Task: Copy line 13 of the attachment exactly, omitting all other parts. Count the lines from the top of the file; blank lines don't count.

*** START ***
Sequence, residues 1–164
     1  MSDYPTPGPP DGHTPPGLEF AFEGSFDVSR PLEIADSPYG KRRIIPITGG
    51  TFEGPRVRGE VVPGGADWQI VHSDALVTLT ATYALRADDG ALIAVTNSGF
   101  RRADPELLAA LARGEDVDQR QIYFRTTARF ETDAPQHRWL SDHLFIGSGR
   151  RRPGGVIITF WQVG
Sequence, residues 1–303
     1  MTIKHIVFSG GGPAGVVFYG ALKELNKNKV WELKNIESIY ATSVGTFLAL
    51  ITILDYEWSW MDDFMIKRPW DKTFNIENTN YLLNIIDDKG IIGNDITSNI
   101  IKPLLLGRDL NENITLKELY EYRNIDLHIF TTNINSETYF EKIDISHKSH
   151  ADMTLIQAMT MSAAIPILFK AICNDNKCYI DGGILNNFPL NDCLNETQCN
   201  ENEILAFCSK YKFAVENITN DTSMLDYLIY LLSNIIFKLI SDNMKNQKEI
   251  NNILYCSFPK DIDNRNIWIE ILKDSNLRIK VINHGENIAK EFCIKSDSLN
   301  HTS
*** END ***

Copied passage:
   301  HTS